Stabilization is a Process, not an Endpoint

When first looking at a property, a lot of the business cases are centered around what will happen after it is “stabilized”.  

What the asset managers and general partners are really looking at is property performance after the first stage (Stage 1) in the business plan is complete.

Stage 1 for a B/C class property acquisition (the ones Clover focuses on) is almost always a big-shift value-add. Think renovations, exterior updating/design, adding new property features, and more – all to allow a quick increase in rental income and resident expectations.

For the MHP, stabilization was initially defined as all lots having resident owned homes at market lot rents. 

Detailed work included:

    • Increasing current resident rent to market
    • Infrastructure maintenance
    • Clearing and prepping unused lots for hookups
    • Acquiring homes to place on vacant lots
    • Getting those homes through inspections
    • Selling those homes to new residents

All that in year!  That’s a lot of change in a short period of time.  We completed the initial business plan.  But that doesn’t mean we’re done…

Enter Stage 2 – Additional value add and operations

Now that we finished the initial business plan successfully, spotify music promotion we are looking at other ways to increase the property value. For instance:

    • Discuss with the city to let us have more lots since we have additional land (now that we did a good job on the others)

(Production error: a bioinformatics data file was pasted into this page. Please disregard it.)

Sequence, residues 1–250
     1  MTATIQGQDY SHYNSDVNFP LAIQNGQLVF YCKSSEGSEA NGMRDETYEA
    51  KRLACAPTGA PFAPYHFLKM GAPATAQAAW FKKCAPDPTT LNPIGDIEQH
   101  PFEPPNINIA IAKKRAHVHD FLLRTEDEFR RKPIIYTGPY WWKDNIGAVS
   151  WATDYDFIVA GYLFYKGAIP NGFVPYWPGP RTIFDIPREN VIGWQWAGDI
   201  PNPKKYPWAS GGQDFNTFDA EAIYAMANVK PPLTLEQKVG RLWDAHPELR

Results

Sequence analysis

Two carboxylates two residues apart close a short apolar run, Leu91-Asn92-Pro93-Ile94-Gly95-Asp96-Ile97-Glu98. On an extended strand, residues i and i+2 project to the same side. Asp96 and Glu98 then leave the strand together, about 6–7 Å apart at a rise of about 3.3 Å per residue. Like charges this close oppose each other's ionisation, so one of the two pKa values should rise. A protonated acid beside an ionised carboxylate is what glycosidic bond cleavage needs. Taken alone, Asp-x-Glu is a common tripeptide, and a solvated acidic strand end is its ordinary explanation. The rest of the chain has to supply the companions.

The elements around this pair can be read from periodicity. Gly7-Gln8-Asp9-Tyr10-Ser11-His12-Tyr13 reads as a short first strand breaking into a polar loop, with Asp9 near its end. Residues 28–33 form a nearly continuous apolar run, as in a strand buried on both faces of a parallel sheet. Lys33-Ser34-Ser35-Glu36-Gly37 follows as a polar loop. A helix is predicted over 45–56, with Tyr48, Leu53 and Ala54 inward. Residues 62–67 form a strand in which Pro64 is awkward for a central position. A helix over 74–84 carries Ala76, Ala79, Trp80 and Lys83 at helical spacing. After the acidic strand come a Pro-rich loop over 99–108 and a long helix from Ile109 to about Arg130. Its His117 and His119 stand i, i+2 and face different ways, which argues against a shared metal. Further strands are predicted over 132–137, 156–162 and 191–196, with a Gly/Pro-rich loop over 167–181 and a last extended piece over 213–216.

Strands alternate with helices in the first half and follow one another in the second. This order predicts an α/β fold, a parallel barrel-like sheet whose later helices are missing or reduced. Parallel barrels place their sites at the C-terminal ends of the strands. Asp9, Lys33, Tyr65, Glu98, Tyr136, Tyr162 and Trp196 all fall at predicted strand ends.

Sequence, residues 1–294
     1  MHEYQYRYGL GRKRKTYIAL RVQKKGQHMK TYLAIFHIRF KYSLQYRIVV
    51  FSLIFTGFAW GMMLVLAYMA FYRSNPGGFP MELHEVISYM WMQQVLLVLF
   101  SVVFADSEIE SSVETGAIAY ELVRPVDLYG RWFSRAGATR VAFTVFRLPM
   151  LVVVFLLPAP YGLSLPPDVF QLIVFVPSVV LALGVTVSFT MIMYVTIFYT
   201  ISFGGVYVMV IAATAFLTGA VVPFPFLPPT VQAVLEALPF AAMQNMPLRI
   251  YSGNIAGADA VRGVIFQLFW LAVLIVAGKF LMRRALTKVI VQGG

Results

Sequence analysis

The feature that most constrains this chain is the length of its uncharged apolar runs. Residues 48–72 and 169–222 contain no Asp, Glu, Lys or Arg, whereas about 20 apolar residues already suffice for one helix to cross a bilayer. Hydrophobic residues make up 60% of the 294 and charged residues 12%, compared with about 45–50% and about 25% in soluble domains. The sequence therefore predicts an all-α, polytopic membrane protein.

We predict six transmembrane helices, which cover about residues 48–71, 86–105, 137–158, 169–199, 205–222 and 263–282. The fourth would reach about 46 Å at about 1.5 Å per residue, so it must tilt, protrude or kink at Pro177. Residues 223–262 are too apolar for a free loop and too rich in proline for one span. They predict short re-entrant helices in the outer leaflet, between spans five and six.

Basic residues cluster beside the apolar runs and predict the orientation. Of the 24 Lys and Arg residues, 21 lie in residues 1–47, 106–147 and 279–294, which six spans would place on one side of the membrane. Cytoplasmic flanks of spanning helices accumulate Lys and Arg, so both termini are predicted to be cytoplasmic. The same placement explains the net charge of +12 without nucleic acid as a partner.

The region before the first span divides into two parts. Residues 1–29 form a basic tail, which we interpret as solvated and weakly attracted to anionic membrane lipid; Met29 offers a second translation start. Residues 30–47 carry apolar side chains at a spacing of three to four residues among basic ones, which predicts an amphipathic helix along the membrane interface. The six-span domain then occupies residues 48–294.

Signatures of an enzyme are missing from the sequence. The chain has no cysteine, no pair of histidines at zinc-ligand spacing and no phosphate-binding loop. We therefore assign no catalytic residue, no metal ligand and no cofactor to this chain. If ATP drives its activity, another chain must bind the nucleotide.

• At what rate can we continue increasing lot rents to keep pace with the local growing economy?
    • Are there nearby potential acquisitions that would reduce operations costs or increase the land value?
    • What other amenities could we offer residents to drive up their happiness enough to pay more than average rent?
    • Are there other financing options that would better position the property financial performance?

There are many more questions like this which can (and should!) be asked by an asset management/ownership team after the initial stabilization is complete.   

After Stage 2 is complete?  Repeat Stage 2. 

And keep repeating until the best financial decision to make is a sale.  Sometimes in this cycle the Stage 2 business plan value-add will be small (3% rent increase), CoinPal and sometimes it will be big (need to upgrade to new fixtures to keep up with competition). 

The point is to not get complacent and think “this property is performing the best it ever will”.  Once you start thinking that, it’s probably time to sell to someone who sees opportunity where you see stagnation.  

Stabilization is a process where you are constantly reassessing and adjusting property operations to achieve the best and highest use in the ever-changing local/macro environment.  Aka – investment optimization!


Want to use real estate to build your own luck, but need more time/money/education?

No problem! 

Clover can help.  

You can start making an impact  sooner than you think.